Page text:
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2024 PhilSoc International Event: Revolution
Toulouse, 6-9 June 2024

We are asking for a modest (£20) deposit to establish committed numbers by 21 February 2024. We have five wonderful talks planned thus far, and our 2024 International Event is shaping up to be a delightful experience! We appreciate your support of PhilSoc by joining us in France! Please kindly submit your deposit here.

Outline Details

From midday Thursday June 6th to p.m. Sunday June 9th. The main philosophical event will take place on Friday and Saturday, with seven speakers and a plenary session. The other two days will comprise local visits of historical or revolutionary interest, time in Toulouse, and organized meals ‘out’. A full programme will be issued later.

Location: Chateau de Seguenville at Cabanac-Seguenville , near Toulouse. The chateau is recently refurbished with room for about 20 people (see also camping – below). It is run by Mark and Becky Jamieson and is also a family home. This website describes the gite in the grounds Gite du Rossignol - Sawday's (sawdays.co.uk). There is no website for the chateau itself. The location is about 45 mins drive from Blagnac Airport (Toulouse), and Montauban station (preferred pickup). There will be local assistance with transit.

Chateau Accommodation:

Capacity - about 20 people, depending on numbers of sharers. There is some flexibility, with camping onsite or c/o AB at modest cost. (12mls/20mins away). Local gites may offer extra beds if necessary. 2 rooms easy access. Cost – current estimate €120/night per person for B and B, including free meeting rooms and nominal cost for transit. PhilSoc will charge £20 each to cover incidentals and local petrol.

Facilities - 2 meeting rooms – 1 as cinema (for presentations). Swimming pool. Attractive countryside and grounds.

Meals - onsite provided by AB plus helpers. Say €25 lunch and incidentals and €30 eve if in-house.


Flights – cheapest and fastest. 3 routes – Easyjet from LGW, Ryanair from STN, and BA from LHR.

Pricing will encourage early booking!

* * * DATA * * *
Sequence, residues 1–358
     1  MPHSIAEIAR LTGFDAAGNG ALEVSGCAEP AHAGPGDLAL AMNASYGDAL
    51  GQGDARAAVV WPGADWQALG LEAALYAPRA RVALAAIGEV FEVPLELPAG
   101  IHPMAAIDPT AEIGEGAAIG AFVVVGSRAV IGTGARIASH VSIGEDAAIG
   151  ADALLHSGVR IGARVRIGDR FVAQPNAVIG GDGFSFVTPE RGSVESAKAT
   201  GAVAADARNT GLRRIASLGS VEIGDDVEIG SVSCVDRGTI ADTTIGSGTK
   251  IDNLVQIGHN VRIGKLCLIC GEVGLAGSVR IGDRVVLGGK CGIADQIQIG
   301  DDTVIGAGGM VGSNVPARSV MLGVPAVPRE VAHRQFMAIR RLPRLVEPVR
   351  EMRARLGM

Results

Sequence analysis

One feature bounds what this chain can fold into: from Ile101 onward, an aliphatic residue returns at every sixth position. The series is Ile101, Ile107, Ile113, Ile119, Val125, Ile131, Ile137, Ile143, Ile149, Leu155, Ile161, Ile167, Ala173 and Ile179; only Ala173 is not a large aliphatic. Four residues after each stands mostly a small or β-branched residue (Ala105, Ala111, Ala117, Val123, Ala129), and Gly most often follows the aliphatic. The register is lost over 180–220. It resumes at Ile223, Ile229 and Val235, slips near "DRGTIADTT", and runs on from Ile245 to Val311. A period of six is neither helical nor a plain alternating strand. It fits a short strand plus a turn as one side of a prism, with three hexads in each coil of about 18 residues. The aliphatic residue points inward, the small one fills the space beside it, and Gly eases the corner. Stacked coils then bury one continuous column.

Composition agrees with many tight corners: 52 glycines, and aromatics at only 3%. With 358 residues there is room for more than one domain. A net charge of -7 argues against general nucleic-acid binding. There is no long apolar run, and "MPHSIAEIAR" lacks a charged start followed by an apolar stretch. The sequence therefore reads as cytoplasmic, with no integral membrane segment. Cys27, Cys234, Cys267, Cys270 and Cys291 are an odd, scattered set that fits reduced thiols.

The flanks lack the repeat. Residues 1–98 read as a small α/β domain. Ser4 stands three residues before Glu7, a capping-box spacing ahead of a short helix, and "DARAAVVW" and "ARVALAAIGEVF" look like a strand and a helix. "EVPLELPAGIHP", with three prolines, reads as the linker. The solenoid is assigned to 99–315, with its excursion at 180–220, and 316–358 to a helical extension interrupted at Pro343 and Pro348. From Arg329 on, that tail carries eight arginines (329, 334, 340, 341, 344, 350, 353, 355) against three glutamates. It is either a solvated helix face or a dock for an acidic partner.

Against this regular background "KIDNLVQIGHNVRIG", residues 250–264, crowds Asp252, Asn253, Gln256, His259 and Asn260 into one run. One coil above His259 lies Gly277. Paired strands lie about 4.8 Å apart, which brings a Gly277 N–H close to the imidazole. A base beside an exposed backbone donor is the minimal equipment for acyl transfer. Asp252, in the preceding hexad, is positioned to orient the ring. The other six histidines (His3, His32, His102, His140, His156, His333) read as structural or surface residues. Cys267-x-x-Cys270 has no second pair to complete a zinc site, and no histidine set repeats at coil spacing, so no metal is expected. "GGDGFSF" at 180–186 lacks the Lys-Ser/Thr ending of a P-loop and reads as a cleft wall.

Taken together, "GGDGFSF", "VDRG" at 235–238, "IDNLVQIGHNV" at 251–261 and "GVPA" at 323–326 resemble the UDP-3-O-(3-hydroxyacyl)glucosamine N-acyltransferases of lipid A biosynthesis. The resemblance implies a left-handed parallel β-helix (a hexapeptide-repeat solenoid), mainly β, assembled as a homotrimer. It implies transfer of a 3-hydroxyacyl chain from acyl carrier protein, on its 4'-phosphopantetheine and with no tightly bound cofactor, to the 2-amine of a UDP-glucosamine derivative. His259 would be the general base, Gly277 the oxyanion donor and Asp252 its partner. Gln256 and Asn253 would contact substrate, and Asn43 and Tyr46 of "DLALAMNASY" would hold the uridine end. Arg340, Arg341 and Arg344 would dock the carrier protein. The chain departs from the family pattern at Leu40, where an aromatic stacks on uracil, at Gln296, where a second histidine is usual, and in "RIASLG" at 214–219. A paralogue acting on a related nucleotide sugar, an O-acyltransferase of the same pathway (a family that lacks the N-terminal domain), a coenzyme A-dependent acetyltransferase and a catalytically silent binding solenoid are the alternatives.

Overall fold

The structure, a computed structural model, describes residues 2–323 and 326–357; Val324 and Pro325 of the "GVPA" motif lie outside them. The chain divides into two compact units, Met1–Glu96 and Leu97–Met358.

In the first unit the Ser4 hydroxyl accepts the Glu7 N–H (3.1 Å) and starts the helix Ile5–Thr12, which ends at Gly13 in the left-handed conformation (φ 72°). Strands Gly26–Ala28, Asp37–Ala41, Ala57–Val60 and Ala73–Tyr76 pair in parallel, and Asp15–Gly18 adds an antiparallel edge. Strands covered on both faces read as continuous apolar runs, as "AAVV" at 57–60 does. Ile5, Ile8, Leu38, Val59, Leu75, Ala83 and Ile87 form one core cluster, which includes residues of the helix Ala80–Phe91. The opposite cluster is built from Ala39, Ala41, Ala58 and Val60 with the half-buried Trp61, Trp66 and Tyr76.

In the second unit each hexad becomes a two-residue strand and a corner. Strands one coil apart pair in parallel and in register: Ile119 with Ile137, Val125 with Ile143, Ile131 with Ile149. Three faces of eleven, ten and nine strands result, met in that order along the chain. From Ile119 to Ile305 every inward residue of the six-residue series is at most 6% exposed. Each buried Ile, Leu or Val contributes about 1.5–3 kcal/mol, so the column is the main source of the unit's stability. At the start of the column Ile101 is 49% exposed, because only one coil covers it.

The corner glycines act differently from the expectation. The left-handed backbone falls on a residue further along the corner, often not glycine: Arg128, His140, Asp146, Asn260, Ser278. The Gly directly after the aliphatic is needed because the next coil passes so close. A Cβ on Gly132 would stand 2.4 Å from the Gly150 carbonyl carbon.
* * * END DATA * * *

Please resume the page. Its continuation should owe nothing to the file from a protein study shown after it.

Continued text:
Interrail pass - c €250 return incl seat reservations. Seems complex! Many options – tickets in France cheaper. Standard UK fares higher, and widely variable.

Car (share) - Recommended: Brittany Ferries Portsmouth – St. Malo overnight plus 7 hrs (726 km/454mls). Eurotunnel longer - 9.5hrs (950km/600 mls) Cost: UK leg + Ferry/Eurotunnel +French leg + tolls

Possible cost reductions:

  • Camping (own kit chez Alice or Chateau, mobile homes near Alice in Thoux)
  • Car share – PE to manage
  • Long-distance coaches

Local Interest:

Noteworthy philosophers from the local area are: Salustre du Barthas, friend and confidant of James 1 and 6, (optional chateau visit), Jean Jaures who wrote some of his essays in Toulouse, Petrarch who was a friend of the Bishop of Lombez. Pierre Fermat the mathematician, de Coubertin of the Olympic games. (France will be hosting the Olympic games next year), and the Serbian anarchists who plotted to kill Franz Joseph and provoked the first World War! In Toulouse there is Le Cité de l’éspace and Aeroscopia. Also Picasso paintings on show at the Hotel d’Azzezat and several really worthwhile museums.

Call for Speakers

Members are invited to offer talks on Revolution for PhilSoc’s 4th International event which will be held at Chateau de Seguenville at Cabanac-Seguenville , near Toulouse, France. Talks will be on Friday 7th and Saturday 8th June 2024, within a 4-day program. We plan to provide access via Zoom for those not wishing to attend in person.

Arguably what makes the concept of revolution of pressing contemporary interest is deepening political and religious divisions alongside the development and deployment of new technologies, including, but not exclusively, Artificial Intelligence.

The following is provided to help stimulate interest, particularly for those who might not have previously considered the philosophical importance of ‘revolution’.

Some background notes

The term ‘revolution’ is perhaps popularly understood as instances of fundamental socio-political transformation usually brought about by violence; as in, for example, The French Revolution.

Since “the age of revolutions” in the late 18th century, philosophers and theorists have developed approaches aimed at defining what forms of transformation can count as ‘revolution’, as well as determining when such change can be justified by normative arguments or, for example, human rights. Many questions arise from such theories. They pertain to problems of the new, of violence, of freedom, of the revolutionary subject, the revolutionary object or target, and of the temporal and spatial extension of revolution.